Before hearing from the victims’ families and relatives, the jury heard from 17 survivors who were wounded in the shooting about how they sustained their injuries and the lingering effects of being hit by high-velocity gunfire. Some still have pieces of shrapnel in their bodies.

Benjamin Wikander’s radial nerve was so badly damaged that he still has to wear an arm brace. Maddy Wilford he has difficulty breathing through his right lung. Sam Fuentes suffers from chronic pain and spasms in his legs and doesn’t have the same range of motion he used to.

But it was perhaps the most somber in the courtroom, as parents, siblings, grandparents and friends struggled to remain calm as they remembered their loved ones and described life without them. They often reached for tissues. The bailiff offered them water.

“I can do this,” Tori Gonzalez, Joaquin Oliver’s girlfriend said, taking a deep breath on the witness stand. One juror cried as she called Joaquin her soul mate.

“I lost my virginity,” she said of the shooting. “I lost my purity. I lost the love letters he wrote me in that fourth period creative writing class.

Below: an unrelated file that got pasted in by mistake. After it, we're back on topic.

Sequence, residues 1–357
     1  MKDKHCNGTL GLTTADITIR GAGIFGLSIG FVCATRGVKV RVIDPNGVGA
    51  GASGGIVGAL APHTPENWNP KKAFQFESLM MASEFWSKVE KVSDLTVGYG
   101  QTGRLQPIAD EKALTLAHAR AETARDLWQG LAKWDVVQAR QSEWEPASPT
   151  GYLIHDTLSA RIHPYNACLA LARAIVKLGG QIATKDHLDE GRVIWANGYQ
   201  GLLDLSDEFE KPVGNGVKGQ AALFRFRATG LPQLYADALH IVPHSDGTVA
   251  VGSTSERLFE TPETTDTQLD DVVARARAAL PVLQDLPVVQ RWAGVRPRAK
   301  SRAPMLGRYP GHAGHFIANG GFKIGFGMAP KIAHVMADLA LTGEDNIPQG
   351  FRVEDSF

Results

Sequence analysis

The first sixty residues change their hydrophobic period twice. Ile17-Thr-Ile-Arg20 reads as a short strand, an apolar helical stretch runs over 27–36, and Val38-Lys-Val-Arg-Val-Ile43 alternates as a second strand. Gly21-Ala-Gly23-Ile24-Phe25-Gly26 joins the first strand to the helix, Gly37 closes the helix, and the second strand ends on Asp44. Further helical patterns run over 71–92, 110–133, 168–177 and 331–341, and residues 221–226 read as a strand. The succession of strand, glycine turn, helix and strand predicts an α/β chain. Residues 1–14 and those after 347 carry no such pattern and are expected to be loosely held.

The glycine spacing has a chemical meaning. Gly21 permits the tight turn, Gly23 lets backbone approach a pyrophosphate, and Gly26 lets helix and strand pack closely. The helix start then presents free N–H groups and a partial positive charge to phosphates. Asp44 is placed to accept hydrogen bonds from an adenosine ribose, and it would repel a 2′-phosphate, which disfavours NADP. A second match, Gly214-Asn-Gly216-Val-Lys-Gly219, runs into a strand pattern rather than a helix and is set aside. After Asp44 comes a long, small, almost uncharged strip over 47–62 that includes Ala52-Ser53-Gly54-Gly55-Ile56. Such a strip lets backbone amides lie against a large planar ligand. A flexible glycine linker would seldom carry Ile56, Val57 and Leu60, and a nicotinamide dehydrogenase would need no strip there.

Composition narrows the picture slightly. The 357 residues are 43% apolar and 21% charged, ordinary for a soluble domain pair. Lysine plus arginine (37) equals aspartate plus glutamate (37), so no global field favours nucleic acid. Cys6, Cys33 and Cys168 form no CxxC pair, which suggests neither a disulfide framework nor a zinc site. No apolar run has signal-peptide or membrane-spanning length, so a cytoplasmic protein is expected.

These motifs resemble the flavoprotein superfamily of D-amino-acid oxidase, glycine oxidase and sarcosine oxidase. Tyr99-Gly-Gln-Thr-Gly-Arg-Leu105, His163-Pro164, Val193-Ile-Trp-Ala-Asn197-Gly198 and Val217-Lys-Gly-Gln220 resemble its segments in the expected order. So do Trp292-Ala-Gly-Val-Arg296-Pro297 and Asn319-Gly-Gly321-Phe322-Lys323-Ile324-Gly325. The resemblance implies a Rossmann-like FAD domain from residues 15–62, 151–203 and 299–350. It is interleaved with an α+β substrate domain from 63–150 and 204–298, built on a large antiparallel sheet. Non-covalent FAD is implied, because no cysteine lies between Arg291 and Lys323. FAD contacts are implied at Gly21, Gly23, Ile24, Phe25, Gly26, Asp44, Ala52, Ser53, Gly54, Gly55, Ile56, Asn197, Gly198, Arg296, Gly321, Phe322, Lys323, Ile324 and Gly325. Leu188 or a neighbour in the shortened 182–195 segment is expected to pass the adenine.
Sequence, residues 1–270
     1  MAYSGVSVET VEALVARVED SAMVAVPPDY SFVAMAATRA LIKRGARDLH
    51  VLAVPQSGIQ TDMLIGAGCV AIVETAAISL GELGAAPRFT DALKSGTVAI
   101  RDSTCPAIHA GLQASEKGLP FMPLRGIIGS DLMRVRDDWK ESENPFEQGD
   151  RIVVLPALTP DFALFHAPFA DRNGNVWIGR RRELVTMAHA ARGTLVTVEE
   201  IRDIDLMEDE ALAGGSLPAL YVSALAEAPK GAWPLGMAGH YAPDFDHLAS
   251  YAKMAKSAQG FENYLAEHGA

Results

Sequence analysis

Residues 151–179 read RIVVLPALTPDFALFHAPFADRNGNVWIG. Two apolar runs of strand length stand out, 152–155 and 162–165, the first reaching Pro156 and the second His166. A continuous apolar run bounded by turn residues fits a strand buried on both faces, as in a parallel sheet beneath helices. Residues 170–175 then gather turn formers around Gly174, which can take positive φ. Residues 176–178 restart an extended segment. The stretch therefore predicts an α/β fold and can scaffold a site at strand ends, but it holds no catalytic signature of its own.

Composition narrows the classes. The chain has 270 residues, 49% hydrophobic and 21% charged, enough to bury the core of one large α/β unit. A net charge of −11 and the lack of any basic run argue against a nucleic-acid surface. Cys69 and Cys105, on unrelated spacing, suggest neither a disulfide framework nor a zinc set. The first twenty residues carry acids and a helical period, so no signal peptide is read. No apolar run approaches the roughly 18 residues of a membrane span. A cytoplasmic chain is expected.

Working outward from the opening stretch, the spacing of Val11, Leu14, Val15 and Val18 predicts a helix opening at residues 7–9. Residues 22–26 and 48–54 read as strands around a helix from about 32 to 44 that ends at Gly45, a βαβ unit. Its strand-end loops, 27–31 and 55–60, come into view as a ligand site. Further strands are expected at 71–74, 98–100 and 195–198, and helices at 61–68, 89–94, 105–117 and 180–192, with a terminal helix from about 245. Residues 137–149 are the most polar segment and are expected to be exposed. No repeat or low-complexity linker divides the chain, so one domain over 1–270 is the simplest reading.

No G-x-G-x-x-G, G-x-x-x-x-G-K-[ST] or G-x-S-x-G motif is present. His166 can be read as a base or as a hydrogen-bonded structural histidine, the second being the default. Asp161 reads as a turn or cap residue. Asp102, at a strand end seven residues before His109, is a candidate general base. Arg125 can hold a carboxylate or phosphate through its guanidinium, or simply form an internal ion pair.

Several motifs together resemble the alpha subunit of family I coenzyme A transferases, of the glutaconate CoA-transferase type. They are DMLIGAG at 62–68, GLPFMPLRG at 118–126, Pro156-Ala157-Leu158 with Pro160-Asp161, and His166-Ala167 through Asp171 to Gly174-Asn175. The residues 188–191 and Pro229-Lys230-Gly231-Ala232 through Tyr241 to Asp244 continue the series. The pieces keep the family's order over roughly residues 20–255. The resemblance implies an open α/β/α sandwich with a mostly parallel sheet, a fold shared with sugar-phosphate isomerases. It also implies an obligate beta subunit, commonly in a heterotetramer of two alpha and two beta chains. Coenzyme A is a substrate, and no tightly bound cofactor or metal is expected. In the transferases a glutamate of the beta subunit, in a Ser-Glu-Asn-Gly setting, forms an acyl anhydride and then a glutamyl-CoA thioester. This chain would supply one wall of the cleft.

Many relatives talked about not being able to celebrate birthdays and holidays after the shooting. Peter Wang’s family no longer celebrates Chinese New Year. Mother of Luke Hoyer Christmas was called almost unbearable. Helena Ramsay was murdered on her father’s birthday.

Families lamented that they would never see their children graduate from high school or college. Never let them walk down the hall. Never be happy about having children.

“She never took her braces off,” Alaina Petty’s sister Meghan Petty said. “She never got her first kiss.”

Parents and spouses described their homes as unbearably quiet. “There’s no more intimacy and comfort at night,” said Debra Hixon, wife of the school’s athletic director, Chris Hixon, “just the volume of silence.”

Her son Corey Hixon, who has Kabuki syndrome, a rare genetic disorder, said of his father simply: “I miss him!

Some people were angry. Alyssa Alhadeff’s father, Dr. Ilan Alhadeff, cried repeatedly through tears, “This is not normal!” He said his wife “sometimes sprays Alyssa with perfume just to try to smell her.”

“Four years later, she even sleeps with Alice’s blanket,” he added.

Some parents worked hard. Fred Guttenberg, Jaime Guttenberg’s father, who became a gun control activist, said he couldn’t hold a regular job and that his public crusade “has made life difficult for my wife and my son, so I’m sorry.”

“It broke me,” he said.

The shooting changed his relationship with his son, who had to wait for Jaime that day and drive her home after school. Instead, when Mr. Guttenberg learned of the shots, he told his son to run.

“He’s struggling with the reality that he couldn’t save his sister and he wants it to be him,” he said. “He was mad at me, I convinced him to run.”

Many people in the courtroom gallery wept as victim after victim spoke. Several defenders did.

Nicholas Bogel-Burroughs contributed reporting.